There is little I love more than travel, save my family and perhaps eating. So I travel with my family, and make sure to eat whatever the locals eat. On these web pages I'll bring you along on my trips; hopefully these travelogues will be better than a hastily-scribbled postcard.
It's been a challenge to present a large number of travel web pages in such a way as to make it easy to find a particular location or voyage. One vacation may include several destinations, and sometimes we revisit a favorite place. After much juggling I've decided to organize pages chronologically, and then by location. What does this mean to you? Well, you may see a listing of all of my travel pages at the Site Map but I'm betting that you'll be more satisfied by following along with us on one of our trips.
Somehow during this busy year we "only" do a trip to Burning Man 2007 and another to "London and the Canary Islands".
In April my sister Felicia and I take a trip back to Mom's house in New Jersey to stage it for selling. At the end of the summer the family heads out to Burning Man 2006. Felicia and I return to New Jersey in the autumn (trip not yet broken out into its own section, but may be found as part of the archive pages, here). We end up the year with a return to Gran Canaria to spend some time with great-grandmother Omi Marga.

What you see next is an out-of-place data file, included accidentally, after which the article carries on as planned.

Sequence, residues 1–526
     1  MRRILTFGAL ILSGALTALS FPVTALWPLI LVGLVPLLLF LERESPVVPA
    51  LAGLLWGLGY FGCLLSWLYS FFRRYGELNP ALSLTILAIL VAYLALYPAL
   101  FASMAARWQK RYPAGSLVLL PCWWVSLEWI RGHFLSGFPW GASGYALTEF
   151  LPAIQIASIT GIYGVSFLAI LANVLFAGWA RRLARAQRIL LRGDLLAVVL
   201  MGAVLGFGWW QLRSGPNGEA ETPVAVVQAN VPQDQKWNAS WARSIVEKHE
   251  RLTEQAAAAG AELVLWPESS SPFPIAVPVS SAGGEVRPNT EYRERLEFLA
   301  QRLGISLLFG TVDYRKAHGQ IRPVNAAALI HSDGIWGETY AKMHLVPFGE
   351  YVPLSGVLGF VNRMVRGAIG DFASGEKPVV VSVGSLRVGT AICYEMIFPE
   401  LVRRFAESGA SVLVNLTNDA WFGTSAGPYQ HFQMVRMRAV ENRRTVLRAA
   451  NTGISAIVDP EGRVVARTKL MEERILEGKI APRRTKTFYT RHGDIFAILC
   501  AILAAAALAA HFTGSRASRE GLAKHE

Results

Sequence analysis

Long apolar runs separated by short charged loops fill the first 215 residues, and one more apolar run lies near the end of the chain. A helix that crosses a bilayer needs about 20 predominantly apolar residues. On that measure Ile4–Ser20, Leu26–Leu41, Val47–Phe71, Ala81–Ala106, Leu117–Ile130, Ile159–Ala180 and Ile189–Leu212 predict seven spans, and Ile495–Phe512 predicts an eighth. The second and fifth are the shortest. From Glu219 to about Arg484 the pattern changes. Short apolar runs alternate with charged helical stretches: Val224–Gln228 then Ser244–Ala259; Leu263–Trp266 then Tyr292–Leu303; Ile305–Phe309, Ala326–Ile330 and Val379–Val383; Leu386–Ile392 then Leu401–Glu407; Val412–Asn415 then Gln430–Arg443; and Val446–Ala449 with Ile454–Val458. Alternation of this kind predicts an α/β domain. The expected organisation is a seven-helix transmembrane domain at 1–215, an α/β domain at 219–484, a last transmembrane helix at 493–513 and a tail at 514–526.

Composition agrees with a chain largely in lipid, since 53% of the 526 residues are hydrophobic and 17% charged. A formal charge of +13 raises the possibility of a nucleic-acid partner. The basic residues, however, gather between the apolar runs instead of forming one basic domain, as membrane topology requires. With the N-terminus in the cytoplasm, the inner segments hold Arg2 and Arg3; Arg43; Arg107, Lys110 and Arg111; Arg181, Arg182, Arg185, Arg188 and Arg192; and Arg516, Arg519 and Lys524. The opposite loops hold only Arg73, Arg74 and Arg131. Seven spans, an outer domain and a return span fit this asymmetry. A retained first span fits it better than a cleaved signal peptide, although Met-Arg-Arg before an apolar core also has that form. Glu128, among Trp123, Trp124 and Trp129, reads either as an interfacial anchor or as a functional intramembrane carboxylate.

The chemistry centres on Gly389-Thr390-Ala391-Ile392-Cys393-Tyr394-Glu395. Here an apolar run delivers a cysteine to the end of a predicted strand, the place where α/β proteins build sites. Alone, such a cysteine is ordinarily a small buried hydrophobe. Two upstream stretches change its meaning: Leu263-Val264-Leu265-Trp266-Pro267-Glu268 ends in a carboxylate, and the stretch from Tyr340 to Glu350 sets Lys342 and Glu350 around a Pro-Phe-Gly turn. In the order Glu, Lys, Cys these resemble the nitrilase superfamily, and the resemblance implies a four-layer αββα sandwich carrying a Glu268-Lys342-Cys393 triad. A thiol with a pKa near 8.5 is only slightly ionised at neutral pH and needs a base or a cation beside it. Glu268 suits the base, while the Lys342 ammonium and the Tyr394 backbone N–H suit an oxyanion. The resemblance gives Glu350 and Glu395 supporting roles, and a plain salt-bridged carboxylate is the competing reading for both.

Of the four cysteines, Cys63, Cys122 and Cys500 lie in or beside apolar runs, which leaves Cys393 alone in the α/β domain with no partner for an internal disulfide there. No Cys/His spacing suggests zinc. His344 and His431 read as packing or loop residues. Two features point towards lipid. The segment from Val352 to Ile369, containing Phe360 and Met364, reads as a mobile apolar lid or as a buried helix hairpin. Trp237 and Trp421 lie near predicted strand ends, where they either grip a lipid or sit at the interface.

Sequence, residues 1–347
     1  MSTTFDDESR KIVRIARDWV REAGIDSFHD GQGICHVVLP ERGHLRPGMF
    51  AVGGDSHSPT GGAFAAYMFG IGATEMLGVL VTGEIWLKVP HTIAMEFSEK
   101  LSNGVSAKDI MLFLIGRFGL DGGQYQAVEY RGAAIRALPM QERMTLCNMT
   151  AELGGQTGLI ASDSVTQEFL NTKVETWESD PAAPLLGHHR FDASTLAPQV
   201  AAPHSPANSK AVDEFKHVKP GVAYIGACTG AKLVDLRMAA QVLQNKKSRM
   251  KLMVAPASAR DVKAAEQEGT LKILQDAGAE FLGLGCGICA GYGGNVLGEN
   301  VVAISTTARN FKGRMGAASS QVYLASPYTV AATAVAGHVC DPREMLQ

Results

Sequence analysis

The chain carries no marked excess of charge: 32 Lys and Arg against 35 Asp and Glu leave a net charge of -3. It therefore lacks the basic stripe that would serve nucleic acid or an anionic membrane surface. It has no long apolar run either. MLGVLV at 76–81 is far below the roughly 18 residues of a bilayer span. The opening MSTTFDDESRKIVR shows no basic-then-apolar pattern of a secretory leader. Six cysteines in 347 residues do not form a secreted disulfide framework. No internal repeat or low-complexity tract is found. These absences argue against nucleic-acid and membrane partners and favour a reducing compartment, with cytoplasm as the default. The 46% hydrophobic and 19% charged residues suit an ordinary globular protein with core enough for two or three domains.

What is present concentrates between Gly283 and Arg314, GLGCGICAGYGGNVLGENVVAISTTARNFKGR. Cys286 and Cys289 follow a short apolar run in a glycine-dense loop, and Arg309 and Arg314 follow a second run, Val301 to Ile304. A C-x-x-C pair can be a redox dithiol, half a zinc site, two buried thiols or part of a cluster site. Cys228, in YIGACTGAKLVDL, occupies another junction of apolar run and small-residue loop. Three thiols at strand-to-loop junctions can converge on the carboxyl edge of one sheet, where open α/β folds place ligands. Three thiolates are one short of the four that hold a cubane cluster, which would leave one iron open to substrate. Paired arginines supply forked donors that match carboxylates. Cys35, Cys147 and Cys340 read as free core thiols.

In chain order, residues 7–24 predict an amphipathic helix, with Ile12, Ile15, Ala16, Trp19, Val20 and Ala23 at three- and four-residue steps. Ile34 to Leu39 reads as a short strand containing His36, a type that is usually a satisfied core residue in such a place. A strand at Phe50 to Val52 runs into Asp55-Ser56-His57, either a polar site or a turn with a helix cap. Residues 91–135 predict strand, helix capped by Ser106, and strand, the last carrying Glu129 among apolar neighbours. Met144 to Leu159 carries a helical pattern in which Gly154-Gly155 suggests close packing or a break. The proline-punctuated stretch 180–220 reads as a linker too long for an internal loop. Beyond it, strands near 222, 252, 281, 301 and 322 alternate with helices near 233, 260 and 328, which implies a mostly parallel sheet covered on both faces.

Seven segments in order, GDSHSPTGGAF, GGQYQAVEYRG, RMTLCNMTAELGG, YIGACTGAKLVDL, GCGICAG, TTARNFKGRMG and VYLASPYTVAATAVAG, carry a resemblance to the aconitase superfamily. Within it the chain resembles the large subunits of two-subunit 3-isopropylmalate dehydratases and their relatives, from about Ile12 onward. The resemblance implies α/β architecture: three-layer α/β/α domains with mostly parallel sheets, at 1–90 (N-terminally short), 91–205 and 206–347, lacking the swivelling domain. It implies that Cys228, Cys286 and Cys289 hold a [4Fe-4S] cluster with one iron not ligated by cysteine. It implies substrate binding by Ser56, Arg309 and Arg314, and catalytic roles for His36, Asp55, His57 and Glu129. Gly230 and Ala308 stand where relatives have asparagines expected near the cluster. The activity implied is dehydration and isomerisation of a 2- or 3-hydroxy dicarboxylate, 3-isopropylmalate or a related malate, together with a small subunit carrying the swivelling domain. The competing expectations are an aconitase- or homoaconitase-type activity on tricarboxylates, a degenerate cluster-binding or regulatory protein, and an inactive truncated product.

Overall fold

In May I went back to New Jersey to help my Mom in the last stages of her ovarian cancer. She died while Felicia and I were airborne. We start the autumn at Burning Man. The surviving family has a memorial service for Mom in Ibiza, with a stop-over in Iceland on the return trip.
In February and March we returned to Gran Canaria. In June we headed up to Truckee-Donner to enjoy Lake Tahoe. In July we headed out to New York City & New Jersey. And in August we returned to Burning Man.
Then, in mid-December, we return for a Gran Canaria winter break with three days in London thrown in for good measure.
For the first time since the economic dot-com collapse in December of that annus horribilis, 2000, we're leaving the country! We're heading back to Gran Canaria & London; to visit great-grandmother Oma Marga and then to recover.
Later in the year, in August, I return to Burning Man, but this time with the wife and children in tow.